ARAMAIC OSTRACA OF THE FOURTH CENTURY...

The 201 of containing in the book Aramaic ostraca dating 361-311 BC are almost exclusive source for the study of the ethnic structure and the economic life for end of the Persian rule in the Land of Israel and the beginning of the Hellenistic period.

Introduction contain clear Arabic elements, e. g., ^ KTOW , ΠΚΤΗ  KTT / ΤΙ^ ΚΉΤ / a m , Τ5Λ Χ ,^ ΓΡΠΚ and The structure of these names differs from that which we know from Judah ( from both biblical and epigraphical sources) and Samaria ( but caution is needed here in view of the fact that our ostraca derive from a rural population living on agriculture, while the Samaria ostraca originated from an urban population connected to slave trade and provincial administration). The mixture of Edomite and Arabic names is well founded in the fourth- century BC epi­graphical material from southern Palestine, especially from Idumaea. From our ostraca it appears, then, that the ethnic structure of the population of Idumaea, with which we are acquainted from the beginning of the Hellenistic period, existed already some generations earlier. 4 Thus, these documents shed light on the economic life and demographic structure of this region during a period about which our information was hitherto quite scant. For Jewish names see commentary on No. 16. The vocalization of the personal names in our ostraca is sometimes conjectural. Thus, for example, in the names DV7W / Ίϋρ , snrp ,5ητ and  nan it is not always clear whether they are constructed in the qätül pattern or in the qattül one. The study of a large collection of documents such as ours reveals features that are indis­cernible in a small collection or a single document. Different spellings of the same name — such as D n ^ n , Dnsn poip / » sip ( and most probably also Nop and xsp); τα, n u ; and * 73im; and perhaps also KD* tt and KDia — indicate that the local rural writers did not insist on a standard spelling of personal names and wrote them according to the various ways they were pronounced. # 28. The Dates of the Ostraca: Many dockets bear dates. Some ostraca mention only the day and the month but quite a number also specify the year — e. g., No. 62: On the 8th of Marheshvan, year 2. Obviously, the year is counted from the accession of a certain king. In five cases the date formulae also contain kings names, as follows: Artaxerxes ( No. 13), Alexander ( Nos. 1 l l , 112) and Philip ( Nos. 96, 97; note also DID^ D IDUM [ tribute of Philip], which occurs in No. 98 dated  year 2 without a royal name, which may refer to Philips reign. See, however, the commentary on No. 98, below). The years mentioned in the ostraca are 1- 19 and 42- 46. The lack of documents dated 20- 41, as well as the prosopographical sequence of names of people mentioned in the ostraca, indicates that the documents dated 42- 46 belong to the reign of one king while those dated 1- 19 belong to a king or kings who followed him. 5 The only one among the Persian kings ( and, 4 The earliest historical attestation to Idumaea as a distinct territorial and administrative unit ( eparchy) is in the year 312 BC ( Diodorus Siculus XIX. 95.2), i. e., one year before our latest- dated ostracon. Although we do not know whether Idumaea existed as a distinct administrative unit in the Persian period, it becomes clear from the above- mentioned names that the ethnic and cultural nature of the population of the region known from the early Hellenistic period as Idumaea was already determined some generations earlier. 5 Halfat son of Samuk is mentioned in the following documents: In year 45: No. 1. In year 46: Nos. 2, 3, 4, 5. [ 1 6 ] Chapter Home  | TOC  | Index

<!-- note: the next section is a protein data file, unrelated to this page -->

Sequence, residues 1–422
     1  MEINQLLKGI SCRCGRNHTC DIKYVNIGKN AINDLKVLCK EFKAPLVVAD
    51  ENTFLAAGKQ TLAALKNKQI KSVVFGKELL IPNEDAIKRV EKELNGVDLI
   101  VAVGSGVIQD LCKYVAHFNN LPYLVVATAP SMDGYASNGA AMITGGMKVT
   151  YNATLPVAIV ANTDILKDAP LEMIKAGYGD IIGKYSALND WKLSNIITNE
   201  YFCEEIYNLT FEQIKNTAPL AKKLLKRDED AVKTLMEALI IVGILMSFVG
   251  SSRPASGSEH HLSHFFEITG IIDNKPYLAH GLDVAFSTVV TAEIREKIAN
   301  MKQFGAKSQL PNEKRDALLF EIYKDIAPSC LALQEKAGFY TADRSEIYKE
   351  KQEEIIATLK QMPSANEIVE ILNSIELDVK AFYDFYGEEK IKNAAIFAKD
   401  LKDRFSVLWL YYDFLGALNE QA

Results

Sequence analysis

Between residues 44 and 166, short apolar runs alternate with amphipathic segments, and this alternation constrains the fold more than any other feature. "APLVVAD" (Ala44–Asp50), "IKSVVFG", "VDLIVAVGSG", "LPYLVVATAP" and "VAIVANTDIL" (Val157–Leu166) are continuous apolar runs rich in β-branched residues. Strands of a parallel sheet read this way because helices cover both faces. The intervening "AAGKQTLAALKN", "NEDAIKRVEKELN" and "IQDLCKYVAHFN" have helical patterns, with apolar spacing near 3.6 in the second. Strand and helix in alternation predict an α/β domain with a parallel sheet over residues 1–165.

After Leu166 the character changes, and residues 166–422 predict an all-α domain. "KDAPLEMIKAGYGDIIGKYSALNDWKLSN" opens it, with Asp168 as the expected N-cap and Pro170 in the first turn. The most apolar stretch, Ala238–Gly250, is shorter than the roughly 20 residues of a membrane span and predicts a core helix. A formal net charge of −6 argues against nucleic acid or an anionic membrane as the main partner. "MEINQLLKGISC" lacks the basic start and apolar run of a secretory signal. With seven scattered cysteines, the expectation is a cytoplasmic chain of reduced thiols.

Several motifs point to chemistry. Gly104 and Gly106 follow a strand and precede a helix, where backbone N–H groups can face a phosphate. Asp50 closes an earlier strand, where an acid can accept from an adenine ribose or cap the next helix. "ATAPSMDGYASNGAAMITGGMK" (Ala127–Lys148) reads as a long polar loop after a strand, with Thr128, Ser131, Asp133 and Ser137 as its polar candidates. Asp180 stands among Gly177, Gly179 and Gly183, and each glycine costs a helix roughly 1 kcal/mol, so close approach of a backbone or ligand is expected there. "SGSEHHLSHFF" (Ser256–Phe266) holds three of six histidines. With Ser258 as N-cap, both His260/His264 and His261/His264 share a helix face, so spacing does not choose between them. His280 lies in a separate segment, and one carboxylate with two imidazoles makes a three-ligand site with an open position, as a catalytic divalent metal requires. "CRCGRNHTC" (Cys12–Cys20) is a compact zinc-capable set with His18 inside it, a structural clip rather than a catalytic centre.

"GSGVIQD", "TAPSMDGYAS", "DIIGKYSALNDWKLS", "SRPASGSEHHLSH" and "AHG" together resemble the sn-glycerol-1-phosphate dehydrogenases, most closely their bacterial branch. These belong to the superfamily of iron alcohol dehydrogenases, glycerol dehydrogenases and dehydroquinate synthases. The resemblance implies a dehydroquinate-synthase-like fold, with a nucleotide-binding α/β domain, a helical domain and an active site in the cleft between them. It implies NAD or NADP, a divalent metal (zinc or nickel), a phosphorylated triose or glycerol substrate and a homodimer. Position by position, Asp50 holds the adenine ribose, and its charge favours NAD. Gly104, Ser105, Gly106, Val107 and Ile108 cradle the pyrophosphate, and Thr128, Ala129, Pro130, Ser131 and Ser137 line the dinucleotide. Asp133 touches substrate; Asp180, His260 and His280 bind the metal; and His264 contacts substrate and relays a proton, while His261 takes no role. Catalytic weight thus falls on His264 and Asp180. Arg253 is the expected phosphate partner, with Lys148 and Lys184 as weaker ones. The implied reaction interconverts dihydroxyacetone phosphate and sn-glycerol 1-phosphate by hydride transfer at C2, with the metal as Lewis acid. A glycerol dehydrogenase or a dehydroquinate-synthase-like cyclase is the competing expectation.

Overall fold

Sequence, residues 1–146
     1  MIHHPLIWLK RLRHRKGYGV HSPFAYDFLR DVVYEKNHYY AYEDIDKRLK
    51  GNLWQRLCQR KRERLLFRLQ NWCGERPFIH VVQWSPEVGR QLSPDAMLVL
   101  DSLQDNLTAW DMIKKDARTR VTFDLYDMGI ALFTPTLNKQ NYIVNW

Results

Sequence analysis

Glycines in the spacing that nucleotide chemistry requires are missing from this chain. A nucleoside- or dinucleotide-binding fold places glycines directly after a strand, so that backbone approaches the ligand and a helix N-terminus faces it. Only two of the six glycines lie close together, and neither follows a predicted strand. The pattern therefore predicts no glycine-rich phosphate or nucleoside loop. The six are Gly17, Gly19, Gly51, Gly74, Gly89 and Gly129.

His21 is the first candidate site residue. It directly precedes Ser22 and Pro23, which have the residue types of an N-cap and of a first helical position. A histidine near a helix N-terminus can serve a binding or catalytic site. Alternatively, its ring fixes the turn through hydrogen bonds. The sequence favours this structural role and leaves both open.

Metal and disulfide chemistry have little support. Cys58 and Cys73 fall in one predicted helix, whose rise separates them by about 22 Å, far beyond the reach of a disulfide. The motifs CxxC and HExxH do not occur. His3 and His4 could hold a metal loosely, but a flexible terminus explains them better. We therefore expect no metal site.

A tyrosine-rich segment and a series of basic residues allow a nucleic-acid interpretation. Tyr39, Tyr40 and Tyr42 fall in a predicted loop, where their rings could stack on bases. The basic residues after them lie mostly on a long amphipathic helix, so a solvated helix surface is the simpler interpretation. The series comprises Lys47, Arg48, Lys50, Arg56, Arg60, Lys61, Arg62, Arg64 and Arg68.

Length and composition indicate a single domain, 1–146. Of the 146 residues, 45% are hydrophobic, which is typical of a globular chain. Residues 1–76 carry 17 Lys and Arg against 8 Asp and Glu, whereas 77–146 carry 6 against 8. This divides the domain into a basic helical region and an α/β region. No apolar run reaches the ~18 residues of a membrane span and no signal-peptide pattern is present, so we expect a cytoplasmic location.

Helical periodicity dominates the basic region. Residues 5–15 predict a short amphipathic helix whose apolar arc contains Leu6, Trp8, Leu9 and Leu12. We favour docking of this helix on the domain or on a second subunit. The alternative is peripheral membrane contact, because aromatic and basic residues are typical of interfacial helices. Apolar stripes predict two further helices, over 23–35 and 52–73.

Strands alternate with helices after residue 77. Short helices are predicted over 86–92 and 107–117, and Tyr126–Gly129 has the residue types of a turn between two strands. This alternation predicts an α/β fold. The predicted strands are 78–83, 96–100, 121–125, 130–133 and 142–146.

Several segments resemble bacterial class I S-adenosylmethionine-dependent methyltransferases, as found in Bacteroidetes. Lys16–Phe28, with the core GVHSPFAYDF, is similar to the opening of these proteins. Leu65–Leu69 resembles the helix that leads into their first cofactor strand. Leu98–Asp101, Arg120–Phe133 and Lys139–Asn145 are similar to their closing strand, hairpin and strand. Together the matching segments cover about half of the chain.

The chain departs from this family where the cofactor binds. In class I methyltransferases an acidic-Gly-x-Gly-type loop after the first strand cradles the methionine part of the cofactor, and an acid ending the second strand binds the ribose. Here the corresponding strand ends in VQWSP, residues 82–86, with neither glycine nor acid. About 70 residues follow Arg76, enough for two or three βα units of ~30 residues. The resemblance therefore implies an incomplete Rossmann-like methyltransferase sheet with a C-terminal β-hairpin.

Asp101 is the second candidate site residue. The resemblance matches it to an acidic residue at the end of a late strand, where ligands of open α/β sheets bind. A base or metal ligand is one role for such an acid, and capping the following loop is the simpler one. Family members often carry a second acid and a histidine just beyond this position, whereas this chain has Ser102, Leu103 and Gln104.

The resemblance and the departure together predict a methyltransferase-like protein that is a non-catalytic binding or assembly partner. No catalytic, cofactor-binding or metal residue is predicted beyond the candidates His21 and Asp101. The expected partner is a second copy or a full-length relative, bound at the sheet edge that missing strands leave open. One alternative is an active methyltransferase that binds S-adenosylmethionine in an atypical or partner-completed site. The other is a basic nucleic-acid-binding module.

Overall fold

ARAMAIC OSTRACA OF THE FOURTH CENTURY BC FROM IDUMAEA


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Front Matter Half Title Page Title Page Copyright Page Table Of Contents Preface INTRODUCTIONREFERENCESABBREVIATIONSContents TEXTS, TRANSLATIONS AND COMMENTARYBack Matter GLOSSARYINDICES OF NAMESPersonal Names in Nos. 1-199 ToponymsPersonal Names in Nos. 200-201 Back Cover
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